When pigs flu 

At the mid-April Bajofondo concert in Austin, former LA veejay Paul Saucido was particularly excited.

“Hey, man, have you heard? Emilio `Morales` and María `Madrigal` moved to Austin,” Saucido told me, referring to the legendary
editor-designer and photographer team of La Banda Elástica magazine, the symbol of the burgeoning LA rock en español scene of the late ’80s.

In the early ’90s, LBE and a handful of Latino rock writers helped turn LA into the mecca of the genre in the US. And despite the fact that rocanrol, the perennial Next Big Thing for years, never quite took off here as it did in Latin America or Spain, the idea of having LBE around was welcomed by Texas rockeros who know about Morales.

“Are you serious? Emilio is here?” said Eduardo Rodríguez, bassist for SA’s Frequencia. “I used to read the magazine in Chicago.”

If LBE wants it, the Austin-Dallas-SA-Houston-Valley circuit could become a new alternative for the genre, but this is no LA —in order to lift the SA rocanrol scene, we’ll need a lot more than LBE, especially now that the swine flu is beginning to disrupt the Mexico-USA live-music exchange.

Los Lobos, Mexico’s Marco Antonio Solís, Pepe Aguilar, Alejandra Guzmán, Alejandro Fernández, Joan Sebastian, and Finland’s the Rasmus have already canceled or postponed shows between April 24 and May, according to Ticketmaster. The scare is such that even Mexican soccer games are played without people in the stands, and at press time nobody in South America wanted the Chivas or San Luis teams (Mexico’s representatives at the continent’s main tournament) anywhere near them. But some in the SA rock en español scene don’t seem to be aware of what’s going on, judging by a phone call I received late on a weeknight.

“Man, we want to get some `local` bands to go play at the `prestigious annual Guanajuato` Cervantino Festival,” a musician friend told me.

With my usual delicacy, I told him he was out of his mind. Hadn’t he read the papers? It’s ridiculous to stop kissing or shaking hands or begin treating people like lepers, but who in his/her right mind would want to go to Mexico now? Besides, the band’s time could be better spent.

“What you should be doing is writing songs, rehearsing, and playing here,” I said. “You do that steadily and regularly for a few years, and I can assure you the local bands will sound better, and there will be enough of an impact that the invitations will come.”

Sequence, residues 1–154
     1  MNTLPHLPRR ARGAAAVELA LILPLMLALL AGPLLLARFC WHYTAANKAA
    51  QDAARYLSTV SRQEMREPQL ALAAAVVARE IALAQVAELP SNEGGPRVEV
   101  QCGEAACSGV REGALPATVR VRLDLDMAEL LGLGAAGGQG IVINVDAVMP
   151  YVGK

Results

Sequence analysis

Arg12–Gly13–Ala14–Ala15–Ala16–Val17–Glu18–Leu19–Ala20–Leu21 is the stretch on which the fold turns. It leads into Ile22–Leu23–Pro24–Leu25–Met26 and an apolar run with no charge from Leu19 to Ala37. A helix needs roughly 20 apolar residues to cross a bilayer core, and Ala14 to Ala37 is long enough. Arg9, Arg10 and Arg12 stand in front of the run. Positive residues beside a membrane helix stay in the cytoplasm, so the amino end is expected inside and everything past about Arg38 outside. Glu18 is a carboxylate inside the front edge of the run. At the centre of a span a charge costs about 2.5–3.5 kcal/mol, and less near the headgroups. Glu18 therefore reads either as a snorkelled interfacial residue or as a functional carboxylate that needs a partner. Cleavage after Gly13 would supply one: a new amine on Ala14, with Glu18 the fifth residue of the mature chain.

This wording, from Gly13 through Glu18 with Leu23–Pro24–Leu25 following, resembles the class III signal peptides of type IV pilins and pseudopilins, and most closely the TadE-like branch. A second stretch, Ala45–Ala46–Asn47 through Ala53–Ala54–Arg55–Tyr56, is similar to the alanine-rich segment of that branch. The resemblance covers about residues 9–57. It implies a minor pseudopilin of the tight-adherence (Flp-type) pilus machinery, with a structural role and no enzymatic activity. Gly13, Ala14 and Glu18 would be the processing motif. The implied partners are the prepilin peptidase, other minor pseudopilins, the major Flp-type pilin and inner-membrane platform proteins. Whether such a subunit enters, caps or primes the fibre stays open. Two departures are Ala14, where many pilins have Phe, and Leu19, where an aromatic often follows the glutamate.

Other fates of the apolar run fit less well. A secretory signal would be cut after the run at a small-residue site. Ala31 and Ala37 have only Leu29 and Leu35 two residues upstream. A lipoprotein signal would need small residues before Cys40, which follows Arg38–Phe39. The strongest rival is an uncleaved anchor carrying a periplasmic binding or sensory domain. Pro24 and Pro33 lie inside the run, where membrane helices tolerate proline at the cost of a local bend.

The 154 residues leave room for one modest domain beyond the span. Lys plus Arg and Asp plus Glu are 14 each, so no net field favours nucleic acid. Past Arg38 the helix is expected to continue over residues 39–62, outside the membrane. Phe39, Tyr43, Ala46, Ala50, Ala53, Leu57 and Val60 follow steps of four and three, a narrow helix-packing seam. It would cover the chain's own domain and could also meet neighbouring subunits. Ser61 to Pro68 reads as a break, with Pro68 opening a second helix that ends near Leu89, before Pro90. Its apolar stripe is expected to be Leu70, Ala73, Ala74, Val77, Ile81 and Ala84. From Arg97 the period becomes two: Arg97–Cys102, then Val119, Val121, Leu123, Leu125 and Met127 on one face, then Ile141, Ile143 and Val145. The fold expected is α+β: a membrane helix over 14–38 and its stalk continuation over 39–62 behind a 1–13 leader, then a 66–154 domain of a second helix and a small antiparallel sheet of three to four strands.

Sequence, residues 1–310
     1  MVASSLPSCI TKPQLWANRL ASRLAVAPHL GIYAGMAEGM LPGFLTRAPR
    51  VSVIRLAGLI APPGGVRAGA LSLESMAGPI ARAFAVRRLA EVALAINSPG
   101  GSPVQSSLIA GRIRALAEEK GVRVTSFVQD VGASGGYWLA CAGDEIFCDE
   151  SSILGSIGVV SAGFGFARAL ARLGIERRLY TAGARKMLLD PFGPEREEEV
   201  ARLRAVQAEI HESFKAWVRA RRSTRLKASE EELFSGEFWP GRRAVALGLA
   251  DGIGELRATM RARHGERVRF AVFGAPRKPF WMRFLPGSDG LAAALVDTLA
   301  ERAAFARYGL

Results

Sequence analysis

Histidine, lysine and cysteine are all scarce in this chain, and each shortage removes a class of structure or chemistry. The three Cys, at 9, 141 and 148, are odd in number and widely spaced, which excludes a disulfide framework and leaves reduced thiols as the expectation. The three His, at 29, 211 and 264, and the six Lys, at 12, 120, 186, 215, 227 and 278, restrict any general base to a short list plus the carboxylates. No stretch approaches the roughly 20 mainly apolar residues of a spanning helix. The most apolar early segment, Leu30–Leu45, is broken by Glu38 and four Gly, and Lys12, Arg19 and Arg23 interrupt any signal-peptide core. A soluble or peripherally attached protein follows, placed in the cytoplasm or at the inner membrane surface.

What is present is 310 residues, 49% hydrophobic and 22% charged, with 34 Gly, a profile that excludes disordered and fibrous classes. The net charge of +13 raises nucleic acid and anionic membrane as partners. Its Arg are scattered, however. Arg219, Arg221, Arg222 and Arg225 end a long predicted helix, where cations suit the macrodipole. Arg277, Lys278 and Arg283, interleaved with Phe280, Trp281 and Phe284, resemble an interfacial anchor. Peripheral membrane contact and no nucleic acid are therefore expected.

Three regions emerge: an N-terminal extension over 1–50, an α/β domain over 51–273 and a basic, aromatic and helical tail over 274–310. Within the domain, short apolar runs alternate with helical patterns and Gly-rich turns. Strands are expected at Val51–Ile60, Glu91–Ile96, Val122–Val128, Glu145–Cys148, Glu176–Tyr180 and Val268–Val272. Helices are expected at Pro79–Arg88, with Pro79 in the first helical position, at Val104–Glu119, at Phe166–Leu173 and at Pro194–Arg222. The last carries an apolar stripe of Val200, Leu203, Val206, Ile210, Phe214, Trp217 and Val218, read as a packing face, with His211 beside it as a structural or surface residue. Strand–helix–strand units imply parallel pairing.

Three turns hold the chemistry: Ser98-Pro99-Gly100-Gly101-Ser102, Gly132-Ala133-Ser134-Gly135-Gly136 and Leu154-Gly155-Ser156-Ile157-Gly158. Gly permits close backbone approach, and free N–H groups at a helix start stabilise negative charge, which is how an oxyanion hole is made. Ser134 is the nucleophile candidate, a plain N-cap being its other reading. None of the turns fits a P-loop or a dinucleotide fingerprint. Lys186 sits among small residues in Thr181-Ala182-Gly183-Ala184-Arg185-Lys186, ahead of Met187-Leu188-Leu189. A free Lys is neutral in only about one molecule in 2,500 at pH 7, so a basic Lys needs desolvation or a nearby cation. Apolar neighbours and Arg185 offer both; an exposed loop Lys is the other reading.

But no: Most bands rush to the studio as soon as they come up with 10 or 12 songs, with predictably uneven results at best, and blame the lack of daily rehearsal on work and/or family matters.

Fresh from Bajofondo’s superb show, I remembered how its leader, Gustavo Santaolalla (long before winning two Grammys, nine Latin Grammys, a Golden Globe, and two back-to-back Oscars) repeats a mantra whenever an artist requests his production services: “If you don’t have at least 50 songs to choose from, don’t even bother.”

Santaolalla was already notorious in late ’60s and early ’70s Argentina for having the strictest, most obsessive rehearsing schedule in the country’s influential rock movement. His early bands, Arco Iris and Soluna, were tight, well-oiled machines that rehearsed from 9 to 5 because, as Santaolalla said, “when you rehearse you minimize mistakes.” And the economic and political Latin American crisis of those years was much worse than anything we can have today, as a family member of any desaparecido can attest.

“It’s not about a song or an album, man,” Santaolalla told León Gieco in the early ’70s, long before Gieco became one of the icons of Argentine popular music. “It’s about a career. You need to decide what you want to say, how you want to say it, how to evolve without selling your soul, and, most importantly, whether or not you want to pay the price.”

That price, according to Santaolalla, is writing and rehearsing as if your life depends on it, because it does.

“So just write and rehearse, man,” I told my friend while growing increasingly paranoid. “You need to forget about Mexico and get a rehearsing space in San Antonio big enough for your band and a big box of Purell hand sanitizers. The Cervantino Festival will be there when you get back.” •

DYNAMITE SOUNDTRACK ALERT: Rudo y Cursi (Rude and Corny) is the name of the new movie starring Y tu mamá también’s Diego Luna and Gael García Bernal, and it is already one of the highest-grossing Mexican films in history. The flick, written and directed by Carlos Cuarón (Alfonso’s brother), opens in SA on May 15, and the soundtrack is out May 5. It’s mostly new versions of Regional Mexican standards by Juana Molina, Devendra Banhart, Saúl Hernández (Jaguares), and others, but it also features an irresistible norteña version of Cheap Trick’s “I Want You To Want Me” sung by García Bernal. Even the kitschy moments work, and you don’t even need to go to Mexico to get it.


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